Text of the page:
Barry Bonds lawyers filed a 60-page brief yesterday, appealing his obstruction of justice conviction. The heart of it is basically something we’ve noted here all along: that it’s pretty weird to convict someone for not answering a question when they actually, you know, answered the question:
“Any competent English speaker would understand Mr. Bonds’s initial statement as answering the question in the negative,” Riordan wrote. “Mr. Bonds was no more guilty of obstruction than he would have been if, having answered one prosecutorial question, he chatted with grand jurors about the weather while the prosecutor was formulating his next one.”
Riordan further argued that the prosecutors questioning Bonds before the grand jury had a “legal obligation to clarify unresponsive testimony.” Riordan contends the prosecutors should have repeated the question until Bonds answered directly.
And he’s absolutely right about that duty-of-prosecutors to clarify thing by the way. But even if he isn’t, it’s worth noting that Bonds did actually answer the question that the prosecutors and the jury somehow concluded (at least temporarily) that he did not answer:
That “no” at the end responds to the very question the indictment against Bonds and the subsequent conviction says he didn’t answer. I tend to think it was a lie, but the jury didn’t, so that’s neither here nor there.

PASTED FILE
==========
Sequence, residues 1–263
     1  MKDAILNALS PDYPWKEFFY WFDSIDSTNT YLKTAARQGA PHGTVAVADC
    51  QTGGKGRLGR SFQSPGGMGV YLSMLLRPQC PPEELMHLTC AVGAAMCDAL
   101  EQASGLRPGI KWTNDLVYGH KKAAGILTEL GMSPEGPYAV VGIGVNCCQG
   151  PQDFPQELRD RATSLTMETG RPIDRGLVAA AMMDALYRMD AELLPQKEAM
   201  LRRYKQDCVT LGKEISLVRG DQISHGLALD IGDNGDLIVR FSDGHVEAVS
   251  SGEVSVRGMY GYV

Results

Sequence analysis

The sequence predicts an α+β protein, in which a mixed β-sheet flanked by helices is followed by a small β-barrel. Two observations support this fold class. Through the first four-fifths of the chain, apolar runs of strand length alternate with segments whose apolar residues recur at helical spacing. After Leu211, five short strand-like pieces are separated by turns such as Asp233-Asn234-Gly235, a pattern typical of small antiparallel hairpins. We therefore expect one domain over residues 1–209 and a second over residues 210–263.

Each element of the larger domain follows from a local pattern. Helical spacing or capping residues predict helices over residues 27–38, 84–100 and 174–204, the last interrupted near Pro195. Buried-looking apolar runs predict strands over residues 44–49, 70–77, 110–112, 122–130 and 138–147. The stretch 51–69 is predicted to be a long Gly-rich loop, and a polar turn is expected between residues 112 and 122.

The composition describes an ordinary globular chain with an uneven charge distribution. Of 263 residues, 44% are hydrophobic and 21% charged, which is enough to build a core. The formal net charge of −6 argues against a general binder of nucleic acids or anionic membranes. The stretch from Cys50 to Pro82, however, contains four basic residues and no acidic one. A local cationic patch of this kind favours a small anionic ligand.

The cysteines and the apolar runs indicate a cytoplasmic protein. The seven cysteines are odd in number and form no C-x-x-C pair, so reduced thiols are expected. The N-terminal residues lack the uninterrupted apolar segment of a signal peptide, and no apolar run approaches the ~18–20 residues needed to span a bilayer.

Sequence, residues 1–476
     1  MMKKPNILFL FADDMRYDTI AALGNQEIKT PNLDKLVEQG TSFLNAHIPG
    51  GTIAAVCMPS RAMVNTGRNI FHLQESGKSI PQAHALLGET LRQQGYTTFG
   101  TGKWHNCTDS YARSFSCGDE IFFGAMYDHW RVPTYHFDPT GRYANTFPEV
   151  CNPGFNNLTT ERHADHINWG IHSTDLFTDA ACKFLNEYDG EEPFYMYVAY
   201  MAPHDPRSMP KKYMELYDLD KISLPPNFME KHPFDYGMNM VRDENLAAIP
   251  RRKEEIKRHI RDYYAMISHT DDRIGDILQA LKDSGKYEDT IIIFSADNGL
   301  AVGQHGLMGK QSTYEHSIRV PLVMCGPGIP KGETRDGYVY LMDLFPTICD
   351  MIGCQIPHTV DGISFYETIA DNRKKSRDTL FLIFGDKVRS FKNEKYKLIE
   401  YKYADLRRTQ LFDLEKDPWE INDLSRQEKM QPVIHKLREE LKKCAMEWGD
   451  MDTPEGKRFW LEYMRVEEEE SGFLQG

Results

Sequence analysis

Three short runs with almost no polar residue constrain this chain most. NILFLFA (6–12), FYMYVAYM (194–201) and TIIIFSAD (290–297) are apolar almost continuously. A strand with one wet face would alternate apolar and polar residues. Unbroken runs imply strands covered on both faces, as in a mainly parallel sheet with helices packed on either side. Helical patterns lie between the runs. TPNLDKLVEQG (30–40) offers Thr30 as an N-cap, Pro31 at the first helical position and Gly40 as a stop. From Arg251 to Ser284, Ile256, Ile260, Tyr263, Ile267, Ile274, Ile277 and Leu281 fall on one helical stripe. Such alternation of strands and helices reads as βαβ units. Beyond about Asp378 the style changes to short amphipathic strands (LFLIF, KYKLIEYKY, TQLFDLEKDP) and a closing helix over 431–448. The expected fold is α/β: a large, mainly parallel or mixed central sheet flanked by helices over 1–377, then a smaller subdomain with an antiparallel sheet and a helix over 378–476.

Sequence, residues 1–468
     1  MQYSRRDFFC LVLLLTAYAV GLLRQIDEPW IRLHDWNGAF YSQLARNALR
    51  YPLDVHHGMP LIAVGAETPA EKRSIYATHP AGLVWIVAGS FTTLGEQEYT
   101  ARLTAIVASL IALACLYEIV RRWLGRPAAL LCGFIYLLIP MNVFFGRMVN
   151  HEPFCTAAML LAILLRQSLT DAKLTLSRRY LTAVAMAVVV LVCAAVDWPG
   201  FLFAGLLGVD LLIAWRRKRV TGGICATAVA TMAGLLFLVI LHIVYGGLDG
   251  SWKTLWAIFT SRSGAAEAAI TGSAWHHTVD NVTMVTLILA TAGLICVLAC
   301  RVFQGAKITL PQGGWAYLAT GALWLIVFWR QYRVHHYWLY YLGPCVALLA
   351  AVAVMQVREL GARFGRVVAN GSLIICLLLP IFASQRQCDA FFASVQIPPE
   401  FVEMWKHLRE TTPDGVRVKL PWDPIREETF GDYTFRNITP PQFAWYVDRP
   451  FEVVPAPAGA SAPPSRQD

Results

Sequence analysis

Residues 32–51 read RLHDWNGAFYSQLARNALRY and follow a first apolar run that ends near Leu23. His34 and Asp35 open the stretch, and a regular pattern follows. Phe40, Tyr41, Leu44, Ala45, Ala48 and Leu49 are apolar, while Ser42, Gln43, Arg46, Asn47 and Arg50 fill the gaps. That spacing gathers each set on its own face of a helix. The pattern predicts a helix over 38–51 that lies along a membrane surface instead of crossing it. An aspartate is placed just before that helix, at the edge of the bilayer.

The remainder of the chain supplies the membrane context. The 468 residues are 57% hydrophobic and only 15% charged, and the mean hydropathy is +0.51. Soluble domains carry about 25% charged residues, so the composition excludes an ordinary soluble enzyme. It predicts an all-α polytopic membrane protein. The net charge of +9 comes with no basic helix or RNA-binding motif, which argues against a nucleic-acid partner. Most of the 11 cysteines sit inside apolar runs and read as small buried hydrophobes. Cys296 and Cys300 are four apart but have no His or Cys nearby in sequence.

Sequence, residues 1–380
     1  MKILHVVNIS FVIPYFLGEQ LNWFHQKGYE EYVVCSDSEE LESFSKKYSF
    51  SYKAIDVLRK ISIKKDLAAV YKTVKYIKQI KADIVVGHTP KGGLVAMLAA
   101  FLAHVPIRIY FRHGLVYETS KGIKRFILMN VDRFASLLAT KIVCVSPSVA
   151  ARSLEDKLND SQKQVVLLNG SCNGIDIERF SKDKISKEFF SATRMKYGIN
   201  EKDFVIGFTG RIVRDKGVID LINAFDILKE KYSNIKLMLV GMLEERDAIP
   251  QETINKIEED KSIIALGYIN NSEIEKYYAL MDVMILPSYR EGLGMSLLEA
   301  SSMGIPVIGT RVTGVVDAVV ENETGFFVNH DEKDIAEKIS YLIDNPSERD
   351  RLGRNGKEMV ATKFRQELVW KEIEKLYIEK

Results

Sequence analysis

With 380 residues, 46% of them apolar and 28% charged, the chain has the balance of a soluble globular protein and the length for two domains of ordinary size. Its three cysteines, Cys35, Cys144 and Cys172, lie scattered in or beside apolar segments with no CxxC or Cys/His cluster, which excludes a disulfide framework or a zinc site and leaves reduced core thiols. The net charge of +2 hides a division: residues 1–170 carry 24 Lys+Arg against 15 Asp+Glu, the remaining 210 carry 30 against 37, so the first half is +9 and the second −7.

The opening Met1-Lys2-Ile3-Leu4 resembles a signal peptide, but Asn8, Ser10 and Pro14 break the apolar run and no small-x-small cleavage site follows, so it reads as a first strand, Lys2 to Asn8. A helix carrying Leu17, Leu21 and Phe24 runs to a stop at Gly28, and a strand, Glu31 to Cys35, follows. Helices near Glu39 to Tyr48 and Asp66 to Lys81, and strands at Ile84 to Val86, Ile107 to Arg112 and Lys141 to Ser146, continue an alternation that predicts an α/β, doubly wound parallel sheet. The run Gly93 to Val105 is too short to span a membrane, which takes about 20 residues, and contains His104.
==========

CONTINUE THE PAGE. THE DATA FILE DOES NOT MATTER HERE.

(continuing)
But hey, details. Bonds was a dirty cheater, so we should not expect the evidence in a criminal proceeding against him to matter any.
The World Series champion Red Sox are scheduled to visit President Trump in the White House on February 15. Some have speculated that manager Álex Cora, who is from Puerto Rico and has been critical of Trump and has been a big factor in Hurricane Maria relief efforts, might not go as a form of protest. Thus far, nothing concrete has been reported on that front.
However, third baseman Rafael Devers says he isn’t going to join the Red Sox on their visit to the White House, Evan Drellich of NBC Sports Boston reports. Devers would prefer to focus on baseball, as the Red Sox open spring training on February 13 and position players have to report on February 17. Per Chris Mason, Devers also said via a translator, “The opportunity was presented and I just wasn’t compelled to go.”
Devers hails from the Dominican Republic and he, like many of Major League Baseball’s foreign-born player base, might not be happy about Trump’s immigration policies. Understandably, he is being tight-lipped about his motivation, but it wouldn’t be surprising if Devers is making a silent protest by choosing not to attend. He is thus far the only member of the team to bow out.
Devers, 22, hit .240/.298/.433 with 21 home runs, 66 RBI, and 59 runs scored in 490 plate appearances last season.
Last year, when the Astros visited Trump at the White House, they did so without Carlos Correa and Carlos Beltrán. Both are from Puerto Rico. It is certainly not unprecedented for individual players to opt out of the White House visit.
No word yet on what food will be served during Boston’s trip to the nation’s capital, but the smart money is on hamberders.